It may sound far-fetched at first, but there’s a growing fear of the damage a newly aggressive Russia might inflict in a time of tension or conflict simply by damaging or cutting the undersea cables that carry almost all of the West’s Internet traffic.
The New York Times reported that Russian submarines and spy ships were aggressively operating near the vital undersea cables. Could they be preparing for a new form of warfare?
The perfect global cyberattack could involve severing the fibre-optic cables at some of their hardest-to-access locations in order to halt the instant communications on which the West’s governments, military, economies and citizens have grown dependent.
Effectively, this would cripple world commerce and communications, destabilise government business and introduce uncertainty into military operations. A significant volume of military data is routed via the Internet backbone.
The fibre-optic cables that carry the majority of the planet’s Internet traffic follow designated paths under the oceans. To cause global chaos, all that is needed is some “wire cutters” (realistically a submarine with a depth charge would do). This is not rocket science and there will be no need for clever hackers.
While there is no evidence yet of any “cable snipping”, there is concern among senior US and allied military and intelligence officials over the accelerated activity by Russian armed forces around the globe. At the same time, the internal debate in Washington illustrates how the US is viewing Russian moves with distrust. Surveillance activity shows a significant increase in Russian activity along the known routes of the cables and more than a dozen officials confirmed in broad terms that it had become the source of significant attention in the Pentagon.
Talking to the BBC’s Gordon Corera, the deputy director of the US National Security Agency, Richard Ledgett, warned of the increasing danger of destructive cyberattacks by nation states in addition to criminal organisations. A concerted cyberattack against another nation state can result in the breaking down of society and the loss in ability to defend itself. Information warfare (IW) is an extension of electronic warfare, but importantly it embraces cyberwarfare.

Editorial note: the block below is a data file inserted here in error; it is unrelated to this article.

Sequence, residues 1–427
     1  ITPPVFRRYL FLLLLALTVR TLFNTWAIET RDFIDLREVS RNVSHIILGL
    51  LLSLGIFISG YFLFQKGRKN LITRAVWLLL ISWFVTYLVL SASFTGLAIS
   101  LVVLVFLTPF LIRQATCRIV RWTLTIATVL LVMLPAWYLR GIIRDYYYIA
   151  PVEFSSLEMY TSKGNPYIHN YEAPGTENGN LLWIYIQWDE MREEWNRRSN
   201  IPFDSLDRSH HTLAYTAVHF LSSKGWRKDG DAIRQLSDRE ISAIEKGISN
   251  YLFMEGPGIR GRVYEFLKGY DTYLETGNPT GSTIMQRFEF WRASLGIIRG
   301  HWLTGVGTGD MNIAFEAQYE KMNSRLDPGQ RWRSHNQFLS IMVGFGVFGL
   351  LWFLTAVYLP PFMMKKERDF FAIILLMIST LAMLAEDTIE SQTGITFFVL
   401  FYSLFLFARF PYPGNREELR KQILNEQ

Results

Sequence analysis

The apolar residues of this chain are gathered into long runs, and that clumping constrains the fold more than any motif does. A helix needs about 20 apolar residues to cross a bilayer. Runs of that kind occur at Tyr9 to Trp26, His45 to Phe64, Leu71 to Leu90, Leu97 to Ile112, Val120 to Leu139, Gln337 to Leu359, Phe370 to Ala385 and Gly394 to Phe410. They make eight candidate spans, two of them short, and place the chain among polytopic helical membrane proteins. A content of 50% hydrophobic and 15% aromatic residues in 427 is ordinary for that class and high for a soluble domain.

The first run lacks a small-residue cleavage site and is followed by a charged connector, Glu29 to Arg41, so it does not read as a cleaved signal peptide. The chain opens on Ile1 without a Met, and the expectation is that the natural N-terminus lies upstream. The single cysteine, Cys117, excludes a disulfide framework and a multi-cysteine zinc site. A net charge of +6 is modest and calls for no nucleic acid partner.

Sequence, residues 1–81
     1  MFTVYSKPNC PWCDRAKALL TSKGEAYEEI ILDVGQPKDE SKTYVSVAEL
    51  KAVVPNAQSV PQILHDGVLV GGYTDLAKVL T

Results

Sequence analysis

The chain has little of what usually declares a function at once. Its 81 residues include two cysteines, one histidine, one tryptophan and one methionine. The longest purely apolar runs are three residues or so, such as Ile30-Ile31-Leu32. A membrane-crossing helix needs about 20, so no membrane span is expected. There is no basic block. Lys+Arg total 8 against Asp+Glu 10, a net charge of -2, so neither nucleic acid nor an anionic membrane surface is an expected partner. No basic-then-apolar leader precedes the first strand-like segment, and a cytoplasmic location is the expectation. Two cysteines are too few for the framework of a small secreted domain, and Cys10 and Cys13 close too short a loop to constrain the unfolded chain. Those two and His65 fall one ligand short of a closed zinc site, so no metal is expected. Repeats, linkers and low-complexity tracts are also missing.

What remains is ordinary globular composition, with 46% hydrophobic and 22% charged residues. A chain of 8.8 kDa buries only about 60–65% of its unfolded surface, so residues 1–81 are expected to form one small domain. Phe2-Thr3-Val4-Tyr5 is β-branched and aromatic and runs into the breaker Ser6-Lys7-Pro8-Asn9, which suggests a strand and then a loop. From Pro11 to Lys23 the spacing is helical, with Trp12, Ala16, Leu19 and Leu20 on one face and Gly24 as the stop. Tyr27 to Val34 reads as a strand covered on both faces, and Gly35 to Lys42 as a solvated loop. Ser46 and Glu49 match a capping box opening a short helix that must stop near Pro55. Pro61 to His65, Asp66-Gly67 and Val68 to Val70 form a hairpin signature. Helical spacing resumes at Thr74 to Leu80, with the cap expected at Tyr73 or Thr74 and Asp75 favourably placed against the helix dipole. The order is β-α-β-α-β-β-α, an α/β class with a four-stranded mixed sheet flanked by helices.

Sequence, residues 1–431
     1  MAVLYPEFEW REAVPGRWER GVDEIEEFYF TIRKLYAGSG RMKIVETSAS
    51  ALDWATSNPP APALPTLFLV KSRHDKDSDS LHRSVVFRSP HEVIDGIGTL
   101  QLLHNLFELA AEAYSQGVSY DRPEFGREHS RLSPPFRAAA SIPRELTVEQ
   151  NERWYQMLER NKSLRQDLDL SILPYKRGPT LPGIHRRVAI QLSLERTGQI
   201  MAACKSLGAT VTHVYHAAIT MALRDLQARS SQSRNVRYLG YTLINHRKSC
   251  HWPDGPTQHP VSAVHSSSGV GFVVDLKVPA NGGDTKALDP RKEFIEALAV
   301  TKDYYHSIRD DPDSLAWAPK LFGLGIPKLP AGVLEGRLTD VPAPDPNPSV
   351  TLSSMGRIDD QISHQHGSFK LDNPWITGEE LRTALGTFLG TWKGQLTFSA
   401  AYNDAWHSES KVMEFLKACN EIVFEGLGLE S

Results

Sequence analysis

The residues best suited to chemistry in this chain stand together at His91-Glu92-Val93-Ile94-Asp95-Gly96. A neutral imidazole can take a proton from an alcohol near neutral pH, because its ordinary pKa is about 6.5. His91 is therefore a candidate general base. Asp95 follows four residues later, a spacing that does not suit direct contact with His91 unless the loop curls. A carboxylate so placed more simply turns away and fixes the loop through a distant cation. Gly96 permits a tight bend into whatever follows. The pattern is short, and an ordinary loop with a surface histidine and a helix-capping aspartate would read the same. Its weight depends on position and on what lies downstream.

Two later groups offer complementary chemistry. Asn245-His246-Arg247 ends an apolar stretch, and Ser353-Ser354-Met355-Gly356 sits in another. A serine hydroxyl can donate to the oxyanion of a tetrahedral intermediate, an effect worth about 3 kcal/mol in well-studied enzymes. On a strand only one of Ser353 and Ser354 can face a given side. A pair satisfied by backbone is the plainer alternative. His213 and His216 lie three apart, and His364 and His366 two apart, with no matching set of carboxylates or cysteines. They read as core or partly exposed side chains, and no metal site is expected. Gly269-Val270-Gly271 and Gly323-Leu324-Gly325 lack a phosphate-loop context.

More than 50% of effort in future conflicts will be in both cyberspace and electromagnetically in the ether — this will be known as “information warfare”. It will disrupt radio communications, radar and intelligence surveillance, military command and control, weapon systems control, aircraft navigation, national infrastructures, emergency services, and all Internet communication. Severing Internet backbone networks will cause major worldwide disruption causing widespread suffering without firing a single shot in anger.
In March 2003, allied forces led by the US began Operation Iraqi Freedom. In the first few days of that conflict, an information war took place that completely neutralised the ability of Iraq to use the electromagnetic spectrum and the Internet. Its armed forces and its civilian infrastructure was virtually paralysed. The conflict lasted just 43 days and Iraq had a formidable and well-equipped military.
Russia has long realised that this “soft” warfare is the equal partner to the familiar hard-weapons side and is planning to spend billions perfecting techniques required. Cyberwarfare has become an important weapon in the military arsenal.
Attack on Estonia